Hyporhamphus regularis (river garfish)[3]
Lagodon rhomboides (Salt-water bream)[4]
Litopenaeus setiferus (white shrimp)[4]
Lophogobius cyprinoides (Crested goby)[4]
Lutjanus argentiventris (yellowtail snapper)[5]
Lutjanus novemfasciatus (black snapper)[5]
Lutjanus viridis (Blue-and-gold snapper)[5]
Megalops atlanticus (Tarpon)[4]
Mugil cephalus (gray mullet)[4]
Novaculichthys taeniourus (clown wrasse)[5]
Opsanus tau (Oyster toadfish)[4]
Rhabdosargus sarba (Yellowfin bream)[3]
Rhizoprionodon terraenovae (Atlantic sharp-nosed shark)[4]
Scomberomorus regalis (painted mackerel)[4]
Squatina dumeril (Atlantic angelshark)[4]
Synodus foetens (Soapfish)[4]
Thalassoma grammaticum (Sunset wrasse)[5]
Trinectes maculatus (Hogchoker)[4]
Zalophus californianus (California Sealion)[4]

Prey / Diet Overlap

Competing SpeciesCommon Prey Count
Acanthocybium solandri (Wahoo fish)10

Predators

Carcharhinus leucas (Zambezi shark)[4]

Consumers

Parasitized by 
Callitetrarhynchus gracilis[6]
Dasyrhynchus giganteus[6]
Dasyrhynchus variouncinatus <Unverified Name>[6]
Dermophthirius maccallumi[6]
Granulinema carcharhini <Unverified Name>[6]
Granulinema simile <Unverified Name>[6]
Grillotia perelica <Unverified Name>[6]
Heteronybelinia estigmena[6]
Nybelinia africana[6]
Nybelinia lingualis[6]
Otobothrium cysticum[6]
Otobothrium insigne[6]
Otobothrium penetrans[6]
Platybothrium angelbahiense[6]
Platybothrium cervinum[6]
Poecilancistrium caryophyllum[6]
Poecilancistrum robustum <Unverified Name>[6]

Distribution

Aldabra Special Reserve; Widespread in warm oceans, rivers and lakes. Western Atlantic: Massachusetts, USA to Argentina (Ref 58839). Eastern Atlantic: Morocco, Senegal to Angola. Indo-Pacific: Kenya and South Africa to India, then, Viet Nam to Australia; southern Baja California, Mexico to Ecuador and possibly occurring in Peru. Sympatric with <i>Carcharhinus amboinensis</i>, <i>Glyphis gangeticus</i>.; Widespread in warm oceans, rivers and lakes. Western Atlantic: Massachusetts, USA to Argentina (Ref. 58839). Eastern Atlantic: Morocco, Senegal to Angola (Ref. 81283). Indo-Pacific: Kenya and South Africa to India, then, Viet Nam to Australia; southern Baja California, Mexico to Ecuador and possibly occurring in Peru. Sympatric with <i>Carcharhinus amboinensis</i>, <i>Glyphis gangeticus</i>.;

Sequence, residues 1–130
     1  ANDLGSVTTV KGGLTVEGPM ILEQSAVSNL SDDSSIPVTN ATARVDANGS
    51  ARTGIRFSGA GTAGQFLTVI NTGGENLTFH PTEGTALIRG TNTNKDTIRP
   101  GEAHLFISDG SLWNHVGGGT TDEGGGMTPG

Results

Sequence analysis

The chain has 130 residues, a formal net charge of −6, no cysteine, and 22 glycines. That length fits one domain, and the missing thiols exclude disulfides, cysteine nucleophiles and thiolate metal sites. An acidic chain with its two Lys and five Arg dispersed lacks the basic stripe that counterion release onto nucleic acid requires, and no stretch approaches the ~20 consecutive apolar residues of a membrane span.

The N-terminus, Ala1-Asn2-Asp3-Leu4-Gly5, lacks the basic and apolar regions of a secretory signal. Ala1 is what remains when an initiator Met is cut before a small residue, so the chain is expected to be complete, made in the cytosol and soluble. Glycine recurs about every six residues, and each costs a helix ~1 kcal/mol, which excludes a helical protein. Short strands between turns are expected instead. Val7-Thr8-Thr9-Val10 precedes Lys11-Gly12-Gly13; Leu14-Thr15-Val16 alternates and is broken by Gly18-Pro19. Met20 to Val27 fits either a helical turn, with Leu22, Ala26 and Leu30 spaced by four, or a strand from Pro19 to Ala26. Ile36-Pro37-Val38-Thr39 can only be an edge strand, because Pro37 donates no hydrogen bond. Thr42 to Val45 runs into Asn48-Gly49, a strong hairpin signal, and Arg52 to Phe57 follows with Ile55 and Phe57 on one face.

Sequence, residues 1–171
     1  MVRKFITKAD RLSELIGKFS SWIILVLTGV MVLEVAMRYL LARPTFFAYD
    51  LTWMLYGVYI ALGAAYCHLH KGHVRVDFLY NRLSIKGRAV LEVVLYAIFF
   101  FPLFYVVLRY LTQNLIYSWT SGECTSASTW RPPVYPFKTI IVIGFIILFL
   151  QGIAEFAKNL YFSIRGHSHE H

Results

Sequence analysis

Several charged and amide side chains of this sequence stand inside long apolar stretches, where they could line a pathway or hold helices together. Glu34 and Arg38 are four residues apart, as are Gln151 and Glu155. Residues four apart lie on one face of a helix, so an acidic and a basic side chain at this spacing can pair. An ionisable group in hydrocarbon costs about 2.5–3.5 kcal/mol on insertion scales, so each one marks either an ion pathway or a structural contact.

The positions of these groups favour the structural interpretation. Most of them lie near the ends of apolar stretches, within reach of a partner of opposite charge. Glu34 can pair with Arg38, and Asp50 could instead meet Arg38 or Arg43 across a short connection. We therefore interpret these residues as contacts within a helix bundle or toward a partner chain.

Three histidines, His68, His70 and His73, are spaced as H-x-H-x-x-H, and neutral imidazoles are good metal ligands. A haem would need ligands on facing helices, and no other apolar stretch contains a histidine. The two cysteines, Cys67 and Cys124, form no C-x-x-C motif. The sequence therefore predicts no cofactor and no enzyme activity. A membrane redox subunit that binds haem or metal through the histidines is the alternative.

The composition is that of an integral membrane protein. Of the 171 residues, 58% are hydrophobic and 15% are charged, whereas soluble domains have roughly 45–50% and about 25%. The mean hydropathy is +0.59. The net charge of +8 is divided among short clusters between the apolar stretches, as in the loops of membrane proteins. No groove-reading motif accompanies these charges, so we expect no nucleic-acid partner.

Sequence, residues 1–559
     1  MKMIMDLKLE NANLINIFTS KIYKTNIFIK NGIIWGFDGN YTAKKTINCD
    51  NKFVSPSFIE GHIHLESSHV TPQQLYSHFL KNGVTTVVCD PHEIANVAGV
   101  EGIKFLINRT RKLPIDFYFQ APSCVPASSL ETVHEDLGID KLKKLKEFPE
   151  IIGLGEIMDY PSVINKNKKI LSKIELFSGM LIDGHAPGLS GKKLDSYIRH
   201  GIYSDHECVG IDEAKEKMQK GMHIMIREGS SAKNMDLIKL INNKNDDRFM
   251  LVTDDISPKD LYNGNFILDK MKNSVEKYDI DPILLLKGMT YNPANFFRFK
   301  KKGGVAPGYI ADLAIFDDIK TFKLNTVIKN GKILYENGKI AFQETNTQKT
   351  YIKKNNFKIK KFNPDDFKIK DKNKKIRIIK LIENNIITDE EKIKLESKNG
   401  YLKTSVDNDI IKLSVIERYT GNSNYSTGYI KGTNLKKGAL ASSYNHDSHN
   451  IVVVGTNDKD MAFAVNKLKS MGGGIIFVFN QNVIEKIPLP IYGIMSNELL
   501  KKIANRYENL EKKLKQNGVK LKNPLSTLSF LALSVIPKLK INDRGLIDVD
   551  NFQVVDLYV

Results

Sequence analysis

Photos

Citations

Attributes / relations provided by 1Myers, P., R. Espinosa, C. S. Parr, T. Jones, G. S. Hammond, and T. A. Dewey. 2006. The Animal Diversity Web (online). Accessed February 01, 2010 at animaldiversity.org 2de Magalhaes, J. P., and Costa, J. (2009) A database of vertebrate longevity records and their relation to other life-history traits. Journal of Evolutionary Biology 22(8):1770-1774 3Fish diets and food webs in the Swan–Canning estuary, River Science July 2009, Department of Water, Government of Western Australia 4Jorrit H. Poelen, James D. Simons and Chris J. Mungall. (2014). Global Biotic Interactions: An open infrastructure to share and analyze species-interaction datasets. Ecological Informatics. 5Food-Web Structure and Dynamics of Eastern Tropical Pacific Coral Reefs: Panamá and Galápagos Islands, Peter W. Glynn, Food Webs and the Dynamics of Marine Reefs, eds. Tim R. McClanahan & George M. Branch, p. 185-208 (2008) 6Gibson, D. I., Bray, R. A., & Harris, E. A. (Compilers) (2005). Host-Parasite Database of the Natural History Museum, London
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Abstract provided by DBpedia licensed under a Creative Commons License
Weather provided by NOAA METAR Data Access